The quilt measures 64" x 71"


Delia Hardie wrote:  Marley is a female Airedale born 12/29/2011.  Within 48 hours of the new owners bringing her home, she got into a Sago Palm.

She threw up quite a bit of it, and they got her to her veterinarian right way.  At first they thought they had gotten to her in time, but Marley’s abdomen started swelling.  She wasn’t growing the way she should.  Her veterinarian began to suspect that something more was going on and maybe she had congenital liver shunts.  This family had spent quite a bit of money getting her to this point and was depressed with her ups and downs.  They flat ran out of money and decided that they needed either to put her down or to rehome her.  These owners were not able even to afford the additional tests needed to determine the extent of the problem and to see if she could be saved.  This is when her veterinarian, who has been very good to Airedale Rescue in the past, contacted Airedale Rescue in Louisiana.

The first set of test results were inconclusive, but led us to believe that she might have liver shunts.  Unfortunately the costs of additional tests were estimated to be as much as $4000 which was totally out of the question for these owners.  We discussed this situation with the NAR board and determined that we could not set a precedent by helping owners with such expenses as that could open the flood gates.  These owners would have to surrender Marley to rescue in order for us to get Marley the tests that she needed.  At this point they decided that it was best for Marley to surrender her to rescue.  She was approximately 6 months old and weighed 19 pounds.
We finally got her and took her to a specialist at Riverlands Veterinary Hospital for an ultrasound of her liver.  The ultrasound was inconclusive, so they called in another specialist who had to open her up to do a portogram to determine if there were liver shunts (intra hepatic, or extra hepatic) which were causing her lack of growth and whether they could be repaired.  The portogram determined that there were multiple extra hepatic shunts which could not be repaired.  They did a liver biopsy to determine if there was enough good liver for her to survive.  Fortunately the liver is one organ which can regenerate some of itself if there is enough good liver left.  While we were waiting for the biopsy results, we went ahead and treated her to reduce the pressure in the liver in hopes that the liver could regenerate and recover.  After what seemed like an eternity, it was determined that there was some regeneration going on in the liver, but there was also some ongoing necrosis (but I did not hear cirrhosis).  The Sago Palm had done major damage to Marley’s liver.  Later I found out that the specialist did not expect Marley to live through this, but Marley is a very determined Airedale.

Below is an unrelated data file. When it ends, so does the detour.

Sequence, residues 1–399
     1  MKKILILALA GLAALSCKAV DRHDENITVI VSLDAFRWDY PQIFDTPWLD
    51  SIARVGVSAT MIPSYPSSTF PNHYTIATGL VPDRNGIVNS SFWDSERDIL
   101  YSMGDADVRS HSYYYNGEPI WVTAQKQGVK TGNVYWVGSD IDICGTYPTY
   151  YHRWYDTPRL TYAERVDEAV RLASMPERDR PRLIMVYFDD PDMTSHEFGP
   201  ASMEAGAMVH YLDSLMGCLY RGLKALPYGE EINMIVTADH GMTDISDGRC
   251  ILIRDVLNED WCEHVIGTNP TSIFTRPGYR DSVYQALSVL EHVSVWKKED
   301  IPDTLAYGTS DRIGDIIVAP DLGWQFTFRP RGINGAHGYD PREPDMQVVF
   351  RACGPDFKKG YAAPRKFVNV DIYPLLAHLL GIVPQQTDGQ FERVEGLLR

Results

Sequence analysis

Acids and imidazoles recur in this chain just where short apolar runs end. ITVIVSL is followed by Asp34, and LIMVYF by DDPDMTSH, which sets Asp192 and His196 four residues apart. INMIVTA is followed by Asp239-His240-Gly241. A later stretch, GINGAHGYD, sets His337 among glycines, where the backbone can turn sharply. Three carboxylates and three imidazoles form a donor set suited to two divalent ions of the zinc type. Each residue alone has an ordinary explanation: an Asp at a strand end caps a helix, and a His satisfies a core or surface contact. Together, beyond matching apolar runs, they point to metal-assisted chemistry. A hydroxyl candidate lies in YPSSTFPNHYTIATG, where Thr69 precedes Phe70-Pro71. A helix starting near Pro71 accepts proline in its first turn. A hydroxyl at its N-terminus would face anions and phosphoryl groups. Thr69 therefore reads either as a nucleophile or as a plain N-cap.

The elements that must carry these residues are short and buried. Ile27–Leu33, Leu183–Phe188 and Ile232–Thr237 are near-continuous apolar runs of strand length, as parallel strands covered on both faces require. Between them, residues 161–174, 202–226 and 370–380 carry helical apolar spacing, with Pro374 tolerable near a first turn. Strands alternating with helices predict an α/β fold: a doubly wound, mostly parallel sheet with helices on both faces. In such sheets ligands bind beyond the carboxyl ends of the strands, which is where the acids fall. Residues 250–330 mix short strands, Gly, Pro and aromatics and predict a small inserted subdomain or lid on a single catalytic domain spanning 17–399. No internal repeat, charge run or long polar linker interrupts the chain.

At this point I got the local homeopathic vet at Natural Pet Care involved.  With the help from the specialist and the homeopathic vet, the fluid in Marley’s abdomen (sietes) began to decrease, and she started acting more like a normal puppy.  Her liver tests are repeated quarterly.  She is not out of the woods yet, but she does appear to be improving by baby steps. 

Today, a year later, she weighs 47 pounds, she has grown to a normal Airedale size, and the color is coming back into her coat.  All but one of her liver tests is borderline normal and the other one is approaching normal.  She is and has been on 14 medications a day and may be on most of these for the rest of her life.  In April, 2013 the specialist determined that her liver was stable enough for her to be spayed which we had done at that time.  Unfortunately for Marley, we have just discovered that her hip joints are not good, and she will probably have hip dysplasia.  

She could be up for adoption by summers end if anyone is willing to take this girl on.  I don’t expect her ever to be totally normal.

1 comment :

  1. How cute she is! Our paws are crossed for the very best for Marley ♥